New Report Examines Impunity and Political Accountability in Nepal
March 12, 2014
Public disenchantment with Nepal’s political parties has been on the rise since the end of the decade-long conflict in 2006. Discussions about impunity have increased correspondingly, mirroring the growing frustration with the political process. A newspaper uncovers an instance of high-level corruption, and there is widespread outrage. The court issues an arrest warrant for a conflict-era murder, and the parties aggressively and effectively shield their cadre from police action. In response, civil society groups instigate furious campaigns calling for the individual to be punished. People are deeply angered as each such case comes to public attention through media reports. Impunity becomes a matter of public discussion when particularly egregious legal violations by influential politicians are uncovered.
To better understand how impunity manifests through politics in affecting daily life in Nepal, The Asia Foundation published a new report, the fourth of a series of reports published by the Foundation since 1999 that document impunity in Nepal.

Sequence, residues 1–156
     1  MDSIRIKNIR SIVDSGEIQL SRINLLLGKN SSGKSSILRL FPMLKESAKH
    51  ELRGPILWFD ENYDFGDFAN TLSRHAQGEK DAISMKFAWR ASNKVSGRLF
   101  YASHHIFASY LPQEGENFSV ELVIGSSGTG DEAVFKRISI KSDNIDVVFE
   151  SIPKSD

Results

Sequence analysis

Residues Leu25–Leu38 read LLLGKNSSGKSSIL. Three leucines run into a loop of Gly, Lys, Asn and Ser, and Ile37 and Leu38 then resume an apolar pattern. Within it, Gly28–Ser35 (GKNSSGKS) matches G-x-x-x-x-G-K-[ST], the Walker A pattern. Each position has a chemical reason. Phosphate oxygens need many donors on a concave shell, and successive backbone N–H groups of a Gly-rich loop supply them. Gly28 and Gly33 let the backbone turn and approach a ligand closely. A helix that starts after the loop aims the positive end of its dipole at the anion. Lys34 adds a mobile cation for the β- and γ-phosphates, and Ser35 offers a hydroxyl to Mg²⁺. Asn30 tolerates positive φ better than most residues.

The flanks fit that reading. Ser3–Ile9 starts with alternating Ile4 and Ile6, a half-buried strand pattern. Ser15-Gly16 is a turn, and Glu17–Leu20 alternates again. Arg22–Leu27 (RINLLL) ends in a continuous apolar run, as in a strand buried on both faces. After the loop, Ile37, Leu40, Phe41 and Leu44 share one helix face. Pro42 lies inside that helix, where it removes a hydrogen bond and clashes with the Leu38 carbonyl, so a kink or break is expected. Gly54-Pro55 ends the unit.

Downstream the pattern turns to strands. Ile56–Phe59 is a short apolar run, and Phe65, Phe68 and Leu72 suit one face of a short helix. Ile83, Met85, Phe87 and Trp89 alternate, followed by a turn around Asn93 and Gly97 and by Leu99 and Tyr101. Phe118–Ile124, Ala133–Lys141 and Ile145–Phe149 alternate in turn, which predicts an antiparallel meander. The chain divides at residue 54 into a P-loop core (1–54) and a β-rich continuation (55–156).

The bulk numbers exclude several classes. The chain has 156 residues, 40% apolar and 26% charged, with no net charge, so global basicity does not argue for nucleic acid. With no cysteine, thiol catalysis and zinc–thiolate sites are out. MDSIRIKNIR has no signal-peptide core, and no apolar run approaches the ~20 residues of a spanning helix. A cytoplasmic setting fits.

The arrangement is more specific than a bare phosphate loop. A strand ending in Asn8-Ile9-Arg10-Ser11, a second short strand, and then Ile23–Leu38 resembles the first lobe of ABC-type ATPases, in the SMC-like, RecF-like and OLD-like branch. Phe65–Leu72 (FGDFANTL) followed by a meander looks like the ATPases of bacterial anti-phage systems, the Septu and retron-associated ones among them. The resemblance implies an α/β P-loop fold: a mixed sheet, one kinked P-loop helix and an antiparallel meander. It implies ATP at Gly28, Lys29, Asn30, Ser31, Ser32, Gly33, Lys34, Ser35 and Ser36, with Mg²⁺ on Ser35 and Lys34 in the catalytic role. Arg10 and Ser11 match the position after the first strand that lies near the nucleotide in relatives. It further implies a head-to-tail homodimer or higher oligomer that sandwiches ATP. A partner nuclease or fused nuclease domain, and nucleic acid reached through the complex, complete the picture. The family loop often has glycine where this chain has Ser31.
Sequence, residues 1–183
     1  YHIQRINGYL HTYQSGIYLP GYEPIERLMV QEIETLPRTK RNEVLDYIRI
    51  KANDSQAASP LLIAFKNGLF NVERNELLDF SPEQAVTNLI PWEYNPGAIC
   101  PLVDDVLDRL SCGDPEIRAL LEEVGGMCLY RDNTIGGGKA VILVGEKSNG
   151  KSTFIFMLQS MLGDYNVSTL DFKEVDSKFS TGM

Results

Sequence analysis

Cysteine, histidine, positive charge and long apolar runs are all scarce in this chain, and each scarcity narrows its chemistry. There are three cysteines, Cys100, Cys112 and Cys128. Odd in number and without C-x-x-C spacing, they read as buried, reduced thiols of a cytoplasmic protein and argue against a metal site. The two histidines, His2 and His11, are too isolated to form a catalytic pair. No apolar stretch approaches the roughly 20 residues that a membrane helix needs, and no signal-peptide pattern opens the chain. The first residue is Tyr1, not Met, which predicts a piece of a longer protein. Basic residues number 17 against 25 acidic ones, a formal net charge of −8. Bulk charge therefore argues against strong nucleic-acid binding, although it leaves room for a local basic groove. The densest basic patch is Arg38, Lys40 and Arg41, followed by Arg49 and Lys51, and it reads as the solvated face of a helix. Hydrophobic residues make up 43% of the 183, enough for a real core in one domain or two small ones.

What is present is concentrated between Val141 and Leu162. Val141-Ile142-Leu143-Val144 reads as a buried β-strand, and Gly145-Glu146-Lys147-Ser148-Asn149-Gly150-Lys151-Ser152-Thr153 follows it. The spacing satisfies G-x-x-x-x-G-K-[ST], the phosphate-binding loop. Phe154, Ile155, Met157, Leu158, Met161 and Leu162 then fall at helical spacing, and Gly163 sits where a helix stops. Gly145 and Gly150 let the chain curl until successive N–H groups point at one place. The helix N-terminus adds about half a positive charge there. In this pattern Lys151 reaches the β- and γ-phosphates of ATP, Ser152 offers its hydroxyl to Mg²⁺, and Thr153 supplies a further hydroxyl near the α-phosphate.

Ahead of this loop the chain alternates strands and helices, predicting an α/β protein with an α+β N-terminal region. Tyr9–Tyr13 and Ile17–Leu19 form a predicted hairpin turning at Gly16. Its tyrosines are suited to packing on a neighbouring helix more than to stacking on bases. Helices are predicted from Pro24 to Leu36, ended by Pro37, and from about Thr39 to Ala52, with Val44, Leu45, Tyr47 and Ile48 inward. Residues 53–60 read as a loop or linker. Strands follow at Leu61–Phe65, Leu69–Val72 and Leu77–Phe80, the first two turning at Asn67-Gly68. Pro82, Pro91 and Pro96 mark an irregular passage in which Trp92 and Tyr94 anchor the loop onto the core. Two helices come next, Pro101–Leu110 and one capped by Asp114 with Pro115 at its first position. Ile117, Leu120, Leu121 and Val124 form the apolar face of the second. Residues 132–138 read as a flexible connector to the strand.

The report, which broadly encompasses the period following the regime change of 2006, up to the dissolution of the Constituent Assembly (CA) in 2012, examines the following issues:
- The complex relationship between politics and law;
- Manner in which politicians and bureaucrats transgress or manipulate laws and norms to establish control over state institutions;
- Operations of the Commission for the Investigation of Abuse of Authority;
- Political protection and cultivation of criminal activity;
- Increase in politician-criminal ties after 2006; and
- A transitional justice process that will include prosecution as a means of combating impunity.
Accompanying case studies and analyses provide a critical and constructive perspective on the status of impunity in post-conflict Nepal. Download full report.
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